Is the “Five-Second Rule” a Myth?

bacteriaHarold McGee, also known as the New York Times’ “Curious Cook,” has an article about a new paper from a Clemson University research group led by Paul Dawson on the validity of the “five-second rule” — the old adage that if you drop food on the floor but pick it up within five seconds, it’s okay to eat it. According to a 2003 survey conducted by Jillian Clarke (a high-school intern at the University of Illinois who later won an Ig Nobel Prize for her research), more than 50% of adult men and 70% of adult women knew of the five-second rule, and many said they followed it. Now the Clemson researchers have gathered data to assess its validity once and for all. The results? According to McGee:

On surfaces that had been contaminated eight hours earlier, slices of bologna and bread left for five seconds took up from 150 to 8,000 bacteria. Left for a full minute, slices collected about 10 times more than that from the tile and carpet, though a lower number from the wood.

A definitive answer! It works! Sort of! That is, there’s no guarantee that the 150 to 8,000 bacteria gained in those five seconds are safe for consumption. As such, McGee proposes that the rule be revised as follows:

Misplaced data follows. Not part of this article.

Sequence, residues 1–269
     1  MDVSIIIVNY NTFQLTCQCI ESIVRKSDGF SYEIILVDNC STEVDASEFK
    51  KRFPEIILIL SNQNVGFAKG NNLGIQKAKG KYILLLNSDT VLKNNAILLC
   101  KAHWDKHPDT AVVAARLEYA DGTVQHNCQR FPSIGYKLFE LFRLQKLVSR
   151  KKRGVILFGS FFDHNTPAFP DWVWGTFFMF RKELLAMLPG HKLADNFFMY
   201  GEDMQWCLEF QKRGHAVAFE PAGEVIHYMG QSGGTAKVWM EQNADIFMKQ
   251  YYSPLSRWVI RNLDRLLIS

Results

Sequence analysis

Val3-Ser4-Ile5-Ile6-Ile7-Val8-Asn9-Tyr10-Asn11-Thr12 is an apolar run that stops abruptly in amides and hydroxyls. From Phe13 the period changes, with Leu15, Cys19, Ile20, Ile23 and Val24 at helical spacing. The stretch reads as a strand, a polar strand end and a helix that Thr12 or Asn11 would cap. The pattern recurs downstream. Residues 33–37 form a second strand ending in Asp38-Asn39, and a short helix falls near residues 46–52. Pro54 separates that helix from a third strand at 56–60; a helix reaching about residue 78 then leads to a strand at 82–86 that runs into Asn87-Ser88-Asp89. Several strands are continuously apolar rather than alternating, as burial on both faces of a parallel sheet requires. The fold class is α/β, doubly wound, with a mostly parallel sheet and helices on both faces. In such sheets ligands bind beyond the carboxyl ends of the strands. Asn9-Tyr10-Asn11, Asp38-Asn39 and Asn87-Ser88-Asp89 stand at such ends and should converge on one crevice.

If you drop a piece of food, pick it up quickly, take five seconds to recall that just a few bacteria can make you sick, then take a few more to think about where you dropped it and whether or not it’s worth eating.


In our house the 5-second rule is almost mandatory. If you don't pick up a piece of dropped food within five seconds, you'll lose the chance because one of the cats will be eating it. Sometimes even five seconds is too long.


Proving once again that there is no myth that Mythbusters has not already busted.

egretman the little pic of bacteria, BTW.


From what I can recall, I think that the Mythbusters showed that something moist (like a slice of bologna) was far more likely to pick up bacteria than something dry. And I've really never found the need to pick something that was slightly wet up off the floor and eat it, so I've never been affected one way or the other.